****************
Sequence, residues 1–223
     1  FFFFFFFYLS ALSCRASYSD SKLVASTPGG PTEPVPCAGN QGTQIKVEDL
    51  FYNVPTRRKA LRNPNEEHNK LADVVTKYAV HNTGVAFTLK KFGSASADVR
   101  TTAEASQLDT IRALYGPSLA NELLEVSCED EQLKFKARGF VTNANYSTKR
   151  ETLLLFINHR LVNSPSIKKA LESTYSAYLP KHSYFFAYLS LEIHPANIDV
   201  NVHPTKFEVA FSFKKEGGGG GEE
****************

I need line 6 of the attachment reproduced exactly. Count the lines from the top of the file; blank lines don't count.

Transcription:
   201  NVHPTKFEVA FSFKKEGGGG GEE